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A BRIGHTER FUTURE:
A police officer holds up a flasing LED sign that reads "Stop" when waved. (Photo: Kyodo)
The green light has been given to research and development on the use of highly-energy-efficient, durable, and long-lasting light-emitting diodes (LEDs) as lighting apparatuses to replace fluorescent lamps. If successfully developed, LED lights are expected to consume only one-eighth the power of incandescent lights and less than half the power of fluorescent lights. LEDs could be extremely effective in the reduction of carbon dioxide emissions, a major culprit linked to global warming. Researchers aim to have LED lighting in general use early in the coming century.
LED Lighting by 2005
Red- and green-colored LEDs emitting long-wavelength light are already widely used in automobile tail lamps, roadside traffic-information and other display boards, and many other applications. General lighting to illuminate larger spaces, however, requires diodes that emit short-wavelength light toward the ultraviolet region of the visible spectrum. This has so far proved difficult.
The Ministry of International Trade and Industry will form a team in fiscal 1998 (April 1998 to March 1999) composed of researchers from electrical appliance manufacturers, semiconductor manufacturers, and universities to start development of a compound semiconductor capable of emitting light toward the ultraviolet range. Research is scheduled to focus on investigation of compound semiconductors as luminescent material and into which materials provide the best hope for successfully bringing LEDs into practical use for general lighting. Research activities will be divided into technical issues involving the light source and the electrode materials. Successful development of this new kind of LED will enable its use as a replacement lighting source, either unaltered or injected into an incandescent- or fluorescent-light tube to produce white light. MITI intends to invest 5 billion yen (40 million dollars at 125 yen to the dollar) over five years in this project, with the goal being the practical use of LED general lighting by 2005.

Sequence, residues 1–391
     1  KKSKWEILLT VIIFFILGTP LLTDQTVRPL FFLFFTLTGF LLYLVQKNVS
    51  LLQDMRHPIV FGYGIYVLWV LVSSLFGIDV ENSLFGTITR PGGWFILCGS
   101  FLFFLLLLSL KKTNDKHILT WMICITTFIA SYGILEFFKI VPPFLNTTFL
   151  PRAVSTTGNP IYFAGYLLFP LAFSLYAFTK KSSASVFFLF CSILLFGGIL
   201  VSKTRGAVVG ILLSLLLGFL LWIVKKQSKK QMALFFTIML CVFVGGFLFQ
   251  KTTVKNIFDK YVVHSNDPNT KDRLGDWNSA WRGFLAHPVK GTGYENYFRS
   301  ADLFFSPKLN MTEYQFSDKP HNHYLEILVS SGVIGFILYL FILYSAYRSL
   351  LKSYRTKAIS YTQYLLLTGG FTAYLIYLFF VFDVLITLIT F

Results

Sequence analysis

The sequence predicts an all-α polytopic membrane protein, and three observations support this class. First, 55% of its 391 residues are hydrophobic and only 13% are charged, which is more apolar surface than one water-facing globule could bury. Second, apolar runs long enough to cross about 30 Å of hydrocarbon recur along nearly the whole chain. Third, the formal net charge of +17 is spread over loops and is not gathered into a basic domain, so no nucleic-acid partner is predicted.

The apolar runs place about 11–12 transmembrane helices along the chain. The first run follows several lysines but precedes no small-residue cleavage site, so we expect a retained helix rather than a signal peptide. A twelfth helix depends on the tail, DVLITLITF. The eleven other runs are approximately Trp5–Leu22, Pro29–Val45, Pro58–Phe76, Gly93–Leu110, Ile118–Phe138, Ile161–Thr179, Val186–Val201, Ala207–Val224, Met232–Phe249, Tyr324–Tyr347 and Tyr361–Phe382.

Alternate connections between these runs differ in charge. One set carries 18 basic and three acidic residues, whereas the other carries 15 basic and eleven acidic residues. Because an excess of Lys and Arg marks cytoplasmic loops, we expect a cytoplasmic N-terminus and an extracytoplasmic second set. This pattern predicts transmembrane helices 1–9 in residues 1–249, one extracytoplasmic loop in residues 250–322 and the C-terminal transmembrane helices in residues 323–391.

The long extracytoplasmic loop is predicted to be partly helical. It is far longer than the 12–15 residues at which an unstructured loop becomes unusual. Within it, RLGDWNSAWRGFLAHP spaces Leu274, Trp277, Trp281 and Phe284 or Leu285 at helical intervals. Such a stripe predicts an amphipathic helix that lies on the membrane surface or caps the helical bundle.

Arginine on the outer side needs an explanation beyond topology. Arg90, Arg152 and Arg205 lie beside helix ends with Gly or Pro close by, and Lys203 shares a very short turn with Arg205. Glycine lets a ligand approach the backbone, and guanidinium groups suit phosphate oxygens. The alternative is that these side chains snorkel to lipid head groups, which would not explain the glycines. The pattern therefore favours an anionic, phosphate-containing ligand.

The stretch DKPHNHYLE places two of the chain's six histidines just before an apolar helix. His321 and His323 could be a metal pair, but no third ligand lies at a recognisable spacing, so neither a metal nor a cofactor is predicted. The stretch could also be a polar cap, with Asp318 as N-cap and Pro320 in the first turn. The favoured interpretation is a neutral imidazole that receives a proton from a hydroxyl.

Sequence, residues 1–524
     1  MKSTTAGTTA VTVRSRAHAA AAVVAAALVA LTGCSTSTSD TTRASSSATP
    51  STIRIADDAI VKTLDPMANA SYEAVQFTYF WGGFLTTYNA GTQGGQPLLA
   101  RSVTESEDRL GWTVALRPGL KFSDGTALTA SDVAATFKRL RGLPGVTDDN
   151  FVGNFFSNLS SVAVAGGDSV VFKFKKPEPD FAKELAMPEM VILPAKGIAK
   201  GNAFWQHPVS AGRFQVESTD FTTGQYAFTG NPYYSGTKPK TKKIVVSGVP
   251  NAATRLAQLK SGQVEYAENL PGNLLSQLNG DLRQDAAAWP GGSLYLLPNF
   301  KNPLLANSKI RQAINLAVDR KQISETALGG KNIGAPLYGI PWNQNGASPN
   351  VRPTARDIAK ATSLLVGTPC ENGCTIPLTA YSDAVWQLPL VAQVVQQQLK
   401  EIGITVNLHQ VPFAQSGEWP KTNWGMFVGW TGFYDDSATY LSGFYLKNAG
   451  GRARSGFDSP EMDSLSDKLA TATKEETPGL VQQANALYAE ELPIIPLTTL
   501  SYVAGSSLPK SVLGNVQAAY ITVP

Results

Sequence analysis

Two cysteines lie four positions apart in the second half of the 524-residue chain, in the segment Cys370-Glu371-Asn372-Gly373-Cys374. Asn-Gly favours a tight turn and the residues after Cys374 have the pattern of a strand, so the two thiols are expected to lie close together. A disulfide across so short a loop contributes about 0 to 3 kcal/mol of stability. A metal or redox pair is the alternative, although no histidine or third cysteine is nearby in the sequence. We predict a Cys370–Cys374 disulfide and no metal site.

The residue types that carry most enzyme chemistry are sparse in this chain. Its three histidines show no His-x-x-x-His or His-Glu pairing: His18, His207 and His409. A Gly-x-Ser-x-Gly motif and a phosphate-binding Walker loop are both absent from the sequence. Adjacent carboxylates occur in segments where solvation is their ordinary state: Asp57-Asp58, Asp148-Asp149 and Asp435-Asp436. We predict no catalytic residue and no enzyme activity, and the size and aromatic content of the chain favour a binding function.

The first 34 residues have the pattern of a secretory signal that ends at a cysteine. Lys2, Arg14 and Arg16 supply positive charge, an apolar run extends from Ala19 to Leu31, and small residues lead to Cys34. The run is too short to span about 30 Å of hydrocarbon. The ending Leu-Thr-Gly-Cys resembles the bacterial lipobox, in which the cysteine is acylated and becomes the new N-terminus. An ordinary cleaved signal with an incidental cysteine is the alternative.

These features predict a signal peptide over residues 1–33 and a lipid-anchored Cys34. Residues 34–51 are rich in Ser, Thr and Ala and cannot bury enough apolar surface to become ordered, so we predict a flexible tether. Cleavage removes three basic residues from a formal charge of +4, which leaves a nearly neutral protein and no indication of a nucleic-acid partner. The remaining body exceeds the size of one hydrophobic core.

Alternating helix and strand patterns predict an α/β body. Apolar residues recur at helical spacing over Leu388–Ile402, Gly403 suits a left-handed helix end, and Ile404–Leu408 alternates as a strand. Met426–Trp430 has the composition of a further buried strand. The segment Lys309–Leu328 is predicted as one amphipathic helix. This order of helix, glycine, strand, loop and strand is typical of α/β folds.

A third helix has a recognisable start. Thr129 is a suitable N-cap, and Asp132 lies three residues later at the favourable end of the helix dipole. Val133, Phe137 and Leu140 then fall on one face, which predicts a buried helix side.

Major Energy Savings
Further application of LED lighting is expected to encompass audio equipment, copy machines, neon signs, traffic signals, and more, for total annual energy savings equivalent to an estimated 10 million kiloliters of crude oil. That amount of savings is equal to the energy produced by five 1.35-million-kilowatt nuclear power plants. Curtailed power consumption of this magnitude will benefit everybody, reducing carbon dioxide emissions tied to global warming and saving consumers money on their electric bills.
Edited by Japan Echo Inc. based on domestic Japanese news sources. Articles presented here are offered for reference purposes and do not necessarily represent the policy or views of the Japanese Government.